Managing Cultural Differences in Remote Work

4 min readJan 22, 2018


Photo by Jase Ess on Unsplash

Remote-based development and design teams certainly possess advantages: an ability to hire professionals in a variety of geographic locations, the opportunity to employ a workforce around the clock, and a vast, global knowledge of marketplaces and people are just a few. However, the failure to realize the distinct challenges that may arise from your remote team’s cultural differences may eventually lead to a virtual bottleneck to project completions — and business growth.

Don’t be alarmed — cultural obstacles are expected in managing agile teams — but the long-term success of our remote companies will increasingly depend on our willingness and competence to manage those teams as one productive, cohesive group. Barriers to communication shouldn’t hold your team back.

While it’s no surprise that a multicultural team could have the potential to experience misunderstandings and conflict, there are a variety of ways to ensure that cultural differences bring our remote teams together, instead of dividing them apart.

Here are some strategies for you:

  • If you are a team manager or company CEO, explore how different people like to receive feedback. Try to be as flexible as you can (without stressing yourself out or allow team rules/dynamics to become inconsistent). While some of your developers may prefer feedback by email, others may like to discuss things with you via FaceTime or a Skype call. Open your mind to the idea that some types of feedback are more effective than others, depending on the person and their background. The important thing is that your remote worker respond positively to the constructive feedback and that things continue to move with that worker in a positive direction.
  • Always think “team-building”. Set aside time each week (at least once per week) for the entire team to get on a video chat and catch up on both professional and personal details. Remote team communication and chat tools like Sqwiggle, Slack, and popular video conferencing software like WebEx, Fuze, and GoToMeeting allows you to interact across time zones.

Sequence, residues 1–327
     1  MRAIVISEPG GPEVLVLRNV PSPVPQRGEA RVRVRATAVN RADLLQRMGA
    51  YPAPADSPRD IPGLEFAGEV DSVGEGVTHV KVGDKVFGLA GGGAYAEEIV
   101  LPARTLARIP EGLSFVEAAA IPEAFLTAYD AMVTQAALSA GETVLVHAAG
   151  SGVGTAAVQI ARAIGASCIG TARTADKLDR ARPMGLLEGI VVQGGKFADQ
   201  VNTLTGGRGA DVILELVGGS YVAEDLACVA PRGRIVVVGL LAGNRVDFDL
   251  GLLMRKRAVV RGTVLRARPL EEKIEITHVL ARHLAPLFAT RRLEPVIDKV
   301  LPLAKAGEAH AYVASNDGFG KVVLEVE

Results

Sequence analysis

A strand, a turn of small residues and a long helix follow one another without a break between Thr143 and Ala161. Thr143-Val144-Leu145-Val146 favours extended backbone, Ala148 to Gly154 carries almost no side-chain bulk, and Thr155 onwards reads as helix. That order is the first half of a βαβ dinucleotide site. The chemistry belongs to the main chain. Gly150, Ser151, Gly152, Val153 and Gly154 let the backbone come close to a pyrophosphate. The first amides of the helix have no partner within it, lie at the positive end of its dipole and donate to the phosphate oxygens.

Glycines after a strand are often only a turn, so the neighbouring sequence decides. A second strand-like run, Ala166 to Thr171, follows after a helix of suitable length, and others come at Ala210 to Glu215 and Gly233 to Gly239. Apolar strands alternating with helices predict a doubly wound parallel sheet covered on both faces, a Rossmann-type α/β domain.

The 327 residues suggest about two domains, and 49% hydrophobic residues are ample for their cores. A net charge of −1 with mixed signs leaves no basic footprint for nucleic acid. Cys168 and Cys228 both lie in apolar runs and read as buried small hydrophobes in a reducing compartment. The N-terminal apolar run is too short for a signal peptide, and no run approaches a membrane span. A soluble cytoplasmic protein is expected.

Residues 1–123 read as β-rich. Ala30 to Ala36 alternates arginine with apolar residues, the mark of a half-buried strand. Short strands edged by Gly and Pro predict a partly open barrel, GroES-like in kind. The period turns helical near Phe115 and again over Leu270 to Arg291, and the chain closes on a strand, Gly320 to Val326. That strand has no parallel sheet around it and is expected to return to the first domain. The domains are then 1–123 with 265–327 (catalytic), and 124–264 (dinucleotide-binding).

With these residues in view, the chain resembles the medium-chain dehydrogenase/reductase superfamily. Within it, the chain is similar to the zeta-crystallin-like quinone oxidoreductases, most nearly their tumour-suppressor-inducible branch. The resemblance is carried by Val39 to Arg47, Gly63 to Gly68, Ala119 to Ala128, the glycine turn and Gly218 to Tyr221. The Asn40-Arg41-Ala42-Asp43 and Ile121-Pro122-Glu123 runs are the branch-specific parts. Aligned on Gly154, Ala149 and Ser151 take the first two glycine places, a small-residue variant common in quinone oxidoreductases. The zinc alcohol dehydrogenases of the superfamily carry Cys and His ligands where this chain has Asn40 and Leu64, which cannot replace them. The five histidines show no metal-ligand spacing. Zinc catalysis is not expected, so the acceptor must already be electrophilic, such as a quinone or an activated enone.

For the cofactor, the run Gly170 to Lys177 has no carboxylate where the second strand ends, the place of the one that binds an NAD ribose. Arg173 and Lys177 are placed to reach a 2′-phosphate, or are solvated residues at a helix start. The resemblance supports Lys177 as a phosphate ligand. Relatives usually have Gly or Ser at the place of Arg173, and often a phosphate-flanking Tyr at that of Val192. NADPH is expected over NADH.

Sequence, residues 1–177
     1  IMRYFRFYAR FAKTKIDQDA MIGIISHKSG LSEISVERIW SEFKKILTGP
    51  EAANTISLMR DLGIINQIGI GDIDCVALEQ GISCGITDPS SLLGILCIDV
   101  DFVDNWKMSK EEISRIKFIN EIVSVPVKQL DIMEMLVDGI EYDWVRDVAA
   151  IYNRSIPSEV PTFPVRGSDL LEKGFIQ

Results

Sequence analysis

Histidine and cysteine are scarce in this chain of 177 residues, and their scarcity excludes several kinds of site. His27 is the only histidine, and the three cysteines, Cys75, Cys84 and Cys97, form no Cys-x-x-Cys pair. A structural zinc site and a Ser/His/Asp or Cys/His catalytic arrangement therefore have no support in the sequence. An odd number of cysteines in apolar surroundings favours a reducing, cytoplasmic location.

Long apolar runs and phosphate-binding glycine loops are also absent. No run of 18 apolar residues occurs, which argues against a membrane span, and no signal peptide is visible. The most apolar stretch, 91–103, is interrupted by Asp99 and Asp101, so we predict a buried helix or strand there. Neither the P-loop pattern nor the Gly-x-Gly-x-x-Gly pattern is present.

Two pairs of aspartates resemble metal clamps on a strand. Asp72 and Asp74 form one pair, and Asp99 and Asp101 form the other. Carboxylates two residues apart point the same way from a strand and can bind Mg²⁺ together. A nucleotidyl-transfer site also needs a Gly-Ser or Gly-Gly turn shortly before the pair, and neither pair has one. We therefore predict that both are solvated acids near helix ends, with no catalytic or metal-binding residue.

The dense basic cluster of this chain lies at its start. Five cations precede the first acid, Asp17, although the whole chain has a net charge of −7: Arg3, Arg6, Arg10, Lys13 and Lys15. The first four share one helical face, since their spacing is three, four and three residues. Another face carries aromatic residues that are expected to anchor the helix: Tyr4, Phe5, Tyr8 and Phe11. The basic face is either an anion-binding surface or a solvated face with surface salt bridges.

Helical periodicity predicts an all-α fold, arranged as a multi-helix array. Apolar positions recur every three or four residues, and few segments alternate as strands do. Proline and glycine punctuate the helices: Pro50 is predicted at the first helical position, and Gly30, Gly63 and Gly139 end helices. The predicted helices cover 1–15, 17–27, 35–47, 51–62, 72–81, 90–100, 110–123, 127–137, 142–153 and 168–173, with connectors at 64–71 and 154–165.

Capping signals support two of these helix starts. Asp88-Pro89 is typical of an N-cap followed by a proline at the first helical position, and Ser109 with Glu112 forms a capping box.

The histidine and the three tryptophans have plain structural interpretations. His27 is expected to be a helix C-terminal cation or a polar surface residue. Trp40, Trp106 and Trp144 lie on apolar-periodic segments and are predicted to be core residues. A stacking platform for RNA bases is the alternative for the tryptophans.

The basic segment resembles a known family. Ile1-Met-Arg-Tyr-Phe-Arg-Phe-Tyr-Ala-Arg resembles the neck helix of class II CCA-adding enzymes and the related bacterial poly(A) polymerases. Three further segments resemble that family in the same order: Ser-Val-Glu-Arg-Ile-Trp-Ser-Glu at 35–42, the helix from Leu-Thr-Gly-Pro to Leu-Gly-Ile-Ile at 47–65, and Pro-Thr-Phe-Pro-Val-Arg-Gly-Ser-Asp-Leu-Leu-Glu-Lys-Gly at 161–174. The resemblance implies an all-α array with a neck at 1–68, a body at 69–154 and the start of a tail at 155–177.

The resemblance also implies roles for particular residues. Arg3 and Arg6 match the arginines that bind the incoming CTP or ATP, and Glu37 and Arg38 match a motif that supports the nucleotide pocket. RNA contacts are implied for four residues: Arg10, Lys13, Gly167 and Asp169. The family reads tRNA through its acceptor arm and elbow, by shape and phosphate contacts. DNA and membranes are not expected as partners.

• Promote a mindset of celebrating differences instead of attempting to mitigate them or “manage” them. Diversity and difference is what makes your team agile and successful. Explore differences, talk about them openly with your team, and make distinctness work for you.
  • Set clear standards, regardless of culture, across the board. For instance, if strict time keeping is important, it needs to be important to every remote worker, regardless of their time zone. Think work culture in this respect.
  • If you’re running a global team, be respectful about national holidays. Keep time zones in mind when hiring, and set a time window with your designers and developers so he or she isn’t surprised if and when you or a fellow team member (or client) contacts them.
  • If in doubt, over-communicate! There is no such thing as making something too clear, especially in a remote environment. However, do remember to respect time zones and availability hours (and method of contact) when communicating.
  • Make it a team commitment to learn about each other’s cultures. Use the time you are together over video chat to discuss what you’ve learned about each other’s cultures. Another strategy is to partner team members together who work in different areas or have cultural differences.
Photo by Jay Ma on Unsplash

Finally, make it a policy to handle any miscommunication or conflict openly. Don’t miss team issues because of the barriers of non-verbal communication. This is where video chat really comes in handy.

A survey of business owners by Virgin Media Business predicted that 60 percent of office-based employees will regularly work from home by 2022. One day, commuting itself will be a thing of the past. If you own a remote-based company, your triumph over the competition will depend on your team’s thought leadership and standout talent — and if you’re a remote-based designer or developer, you know, as a professional ahead of the power curve, that you’re looking for remote-based companies and clients who appreciate a world-class remote team. Embrace a diverse team, and you can have it all.

Tell us: What can remote business owners do to respect cultural differences in the remote environment?




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